The Urdu conference was the starting point – Urdu as a common means, as a collective property, as an opportunity to welcome prominent writers from international origin. The next festival Arts Council installed was the Karachi Literature festival. Now Karachi has 10 different festivals, all of them focus on all the disciplines within arts and culture. Every single year an Arts Council charity project gives 20 underpriviledged youngsters the opportunity of gaining art training at the Council‘s academy.

Shah named the problems Karachi’s majority is facing: extremist religious fundamentalism, ethic extremism and politically motivated vested interests due to ethnic groups that play a prominent role in influencing the country’s policies. While doing so, he pointed out his disagreements with the Americans and the impact they have had on Pakistan.

However, Shah still accepts their help to support his projects., believing that it is only right for the Americans to have invested in education and culture on a society like Pakistan‘s. And he claimed for it, knowing that the youth here had all the necessary tools for change. And they have the think tanks, the cooperations and all the instruments of management to support a country like Pakistan.

Shah’s strategy is a successful one: The ugly pre-historian building has turned into a thrilling place for art, literature, theater, performance, music, art training, culture and communication with the ambition to grow and play a role as part of the cultural international civil society. A dream every country’s society in the world is dreaming of!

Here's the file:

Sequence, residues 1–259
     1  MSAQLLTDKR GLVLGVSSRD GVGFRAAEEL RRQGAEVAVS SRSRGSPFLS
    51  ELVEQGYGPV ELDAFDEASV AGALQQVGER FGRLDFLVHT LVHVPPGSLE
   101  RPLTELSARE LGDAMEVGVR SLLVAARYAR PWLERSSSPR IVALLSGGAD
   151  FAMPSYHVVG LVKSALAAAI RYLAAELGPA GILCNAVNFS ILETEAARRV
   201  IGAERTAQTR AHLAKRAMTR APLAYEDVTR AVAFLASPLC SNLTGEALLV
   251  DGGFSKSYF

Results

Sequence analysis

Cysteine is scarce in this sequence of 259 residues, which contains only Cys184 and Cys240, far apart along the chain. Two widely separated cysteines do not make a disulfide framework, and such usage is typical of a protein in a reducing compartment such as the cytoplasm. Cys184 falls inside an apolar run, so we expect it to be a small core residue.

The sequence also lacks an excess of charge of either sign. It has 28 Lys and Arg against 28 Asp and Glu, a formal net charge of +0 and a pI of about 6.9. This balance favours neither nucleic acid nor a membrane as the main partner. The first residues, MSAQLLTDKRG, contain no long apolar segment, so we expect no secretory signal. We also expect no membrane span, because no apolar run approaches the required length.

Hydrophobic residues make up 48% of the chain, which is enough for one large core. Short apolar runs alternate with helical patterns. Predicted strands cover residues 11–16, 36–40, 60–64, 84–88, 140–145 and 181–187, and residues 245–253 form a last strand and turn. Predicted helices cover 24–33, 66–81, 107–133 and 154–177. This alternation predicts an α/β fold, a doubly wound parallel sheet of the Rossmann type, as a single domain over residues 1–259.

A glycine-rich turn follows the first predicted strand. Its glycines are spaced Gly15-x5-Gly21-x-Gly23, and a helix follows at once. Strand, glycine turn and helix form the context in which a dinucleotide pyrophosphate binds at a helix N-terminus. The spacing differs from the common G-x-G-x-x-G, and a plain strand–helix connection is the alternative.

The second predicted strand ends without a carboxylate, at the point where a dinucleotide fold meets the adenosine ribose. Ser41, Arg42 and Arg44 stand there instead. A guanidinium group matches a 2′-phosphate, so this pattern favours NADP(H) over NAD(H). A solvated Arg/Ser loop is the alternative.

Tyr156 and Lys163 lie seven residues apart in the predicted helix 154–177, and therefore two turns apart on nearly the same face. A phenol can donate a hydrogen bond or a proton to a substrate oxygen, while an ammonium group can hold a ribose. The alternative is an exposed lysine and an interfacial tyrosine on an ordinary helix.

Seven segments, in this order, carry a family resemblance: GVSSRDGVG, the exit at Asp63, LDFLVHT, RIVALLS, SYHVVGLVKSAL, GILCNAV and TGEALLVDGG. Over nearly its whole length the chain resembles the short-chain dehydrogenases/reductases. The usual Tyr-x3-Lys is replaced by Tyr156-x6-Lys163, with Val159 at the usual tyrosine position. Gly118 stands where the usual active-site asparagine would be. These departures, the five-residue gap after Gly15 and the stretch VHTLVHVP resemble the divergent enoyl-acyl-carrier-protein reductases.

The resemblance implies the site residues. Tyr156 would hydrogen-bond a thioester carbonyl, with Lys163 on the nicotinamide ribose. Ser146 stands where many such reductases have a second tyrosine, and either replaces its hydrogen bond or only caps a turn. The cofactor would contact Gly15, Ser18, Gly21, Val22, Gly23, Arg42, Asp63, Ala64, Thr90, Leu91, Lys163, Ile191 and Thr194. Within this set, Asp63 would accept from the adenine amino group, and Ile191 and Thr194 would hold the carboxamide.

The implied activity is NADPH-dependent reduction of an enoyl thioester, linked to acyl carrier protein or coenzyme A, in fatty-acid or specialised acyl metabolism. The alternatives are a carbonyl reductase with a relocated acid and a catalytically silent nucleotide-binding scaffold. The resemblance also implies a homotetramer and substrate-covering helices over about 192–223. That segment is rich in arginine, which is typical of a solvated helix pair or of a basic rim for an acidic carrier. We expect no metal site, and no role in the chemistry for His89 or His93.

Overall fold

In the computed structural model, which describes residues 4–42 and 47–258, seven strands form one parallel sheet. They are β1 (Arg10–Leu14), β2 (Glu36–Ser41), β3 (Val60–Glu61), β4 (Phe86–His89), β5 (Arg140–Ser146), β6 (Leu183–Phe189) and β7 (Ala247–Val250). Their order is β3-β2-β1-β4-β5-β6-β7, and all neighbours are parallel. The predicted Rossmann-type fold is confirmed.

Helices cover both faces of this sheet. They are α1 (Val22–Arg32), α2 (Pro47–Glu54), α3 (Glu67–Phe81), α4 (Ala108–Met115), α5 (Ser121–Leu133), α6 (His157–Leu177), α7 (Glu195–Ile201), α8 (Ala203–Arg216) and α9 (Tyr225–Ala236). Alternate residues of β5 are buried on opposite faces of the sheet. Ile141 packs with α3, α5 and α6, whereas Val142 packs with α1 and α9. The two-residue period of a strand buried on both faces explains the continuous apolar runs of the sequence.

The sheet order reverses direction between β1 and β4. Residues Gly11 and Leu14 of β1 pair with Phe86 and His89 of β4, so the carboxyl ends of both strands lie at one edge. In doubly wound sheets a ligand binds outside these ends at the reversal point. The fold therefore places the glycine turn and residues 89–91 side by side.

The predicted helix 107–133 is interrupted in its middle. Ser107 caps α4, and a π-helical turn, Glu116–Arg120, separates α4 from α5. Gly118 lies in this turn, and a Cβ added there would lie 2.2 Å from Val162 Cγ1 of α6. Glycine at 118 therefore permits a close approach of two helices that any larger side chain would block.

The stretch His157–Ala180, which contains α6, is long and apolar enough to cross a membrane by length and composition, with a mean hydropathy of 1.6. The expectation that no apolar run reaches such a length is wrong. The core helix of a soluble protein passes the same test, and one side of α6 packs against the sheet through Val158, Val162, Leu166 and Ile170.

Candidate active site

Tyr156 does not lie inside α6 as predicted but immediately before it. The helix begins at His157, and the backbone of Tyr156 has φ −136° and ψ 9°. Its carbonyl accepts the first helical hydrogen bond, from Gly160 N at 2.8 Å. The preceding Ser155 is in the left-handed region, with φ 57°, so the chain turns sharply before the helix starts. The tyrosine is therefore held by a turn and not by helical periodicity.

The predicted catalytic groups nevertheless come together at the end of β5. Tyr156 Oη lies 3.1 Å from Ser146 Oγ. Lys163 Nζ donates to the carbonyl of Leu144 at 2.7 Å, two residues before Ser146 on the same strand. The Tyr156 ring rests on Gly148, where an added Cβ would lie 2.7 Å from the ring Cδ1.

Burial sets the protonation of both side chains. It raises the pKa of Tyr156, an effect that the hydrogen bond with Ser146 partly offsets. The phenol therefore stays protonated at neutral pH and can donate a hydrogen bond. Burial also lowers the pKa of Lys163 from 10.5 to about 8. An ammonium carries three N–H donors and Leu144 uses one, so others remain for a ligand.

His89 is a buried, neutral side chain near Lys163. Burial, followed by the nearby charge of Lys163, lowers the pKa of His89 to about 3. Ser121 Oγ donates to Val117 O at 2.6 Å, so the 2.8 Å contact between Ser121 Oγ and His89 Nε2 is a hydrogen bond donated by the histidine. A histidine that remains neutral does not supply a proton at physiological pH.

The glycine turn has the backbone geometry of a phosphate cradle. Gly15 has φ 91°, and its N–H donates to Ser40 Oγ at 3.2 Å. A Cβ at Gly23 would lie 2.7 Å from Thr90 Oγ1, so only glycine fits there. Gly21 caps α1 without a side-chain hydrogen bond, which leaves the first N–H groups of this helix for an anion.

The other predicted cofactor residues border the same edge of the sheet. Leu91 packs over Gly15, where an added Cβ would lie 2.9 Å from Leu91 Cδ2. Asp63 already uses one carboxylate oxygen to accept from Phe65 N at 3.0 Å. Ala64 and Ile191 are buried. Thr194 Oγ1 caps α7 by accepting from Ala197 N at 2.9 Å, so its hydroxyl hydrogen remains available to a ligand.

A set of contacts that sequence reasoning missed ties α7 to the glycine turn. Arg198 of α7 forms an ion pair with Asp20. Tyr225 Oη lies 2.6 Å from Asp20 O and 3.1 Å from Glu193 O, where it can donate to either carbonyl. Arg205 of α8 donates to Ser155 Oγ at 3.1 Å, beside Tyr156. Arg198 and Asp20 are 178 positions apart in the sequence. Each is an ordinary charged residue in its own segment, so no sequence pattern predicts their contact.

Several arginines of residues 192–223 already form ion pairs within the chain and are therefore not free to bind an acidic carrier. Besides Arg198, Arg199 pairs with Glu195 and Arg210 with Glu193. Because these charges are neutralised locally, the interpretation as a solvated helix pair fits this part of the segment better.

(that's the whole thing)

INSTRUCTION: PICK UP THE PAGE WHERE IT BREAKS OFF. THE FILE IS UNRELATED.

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Who we are and why we are here

We, the artist couple Christina Zurfluh and Bernhard Frue, journalist Sabine Kienzer and graphic designer Veronika Illmer, visit Pakistan for the first time. In Karachi we are going to  meet in a situation characterized by relatively unknown religious, political, cultural and geographical realities.

With karachidiary – an artistic/journalistic blog – here, we reflect our encounters during 24 days where we target to visit 24 diverse people and locations recommended by people living or having lived in Pakistan from different walks of life. Our project is part of a residency program hosted by Vasl Artists‘ Association, an international network of artists and art organisations.

„Suddenly Pakistan – my life in the most dangerous city in the world“ is a book by German journalist Hasnain Kazim. We all read the book before leaving Vienna – ranked the most liveable city of the world 2018. Kazim though writes about the danger the world faces for Pakistan probably being one of the most dangerous nuclear power countries.

But also media warned and still do, our government has a so called part-warning put on its website, friends and family called us crazy to go there. Now, we obviously weren’t listening, and we are so happy and glad we didn’t.

Karachi is not frightening us, we are not permanently getting controlled nor do we have to face restrictions – on the contrary. Karachi is not what one would call a beautiful city. But its rickshaws are, the buses are, its trucks are, the food is … and Karachiites are – beautiful, bright, communicative, open-hearted … Well, you might just want to have a look yourself.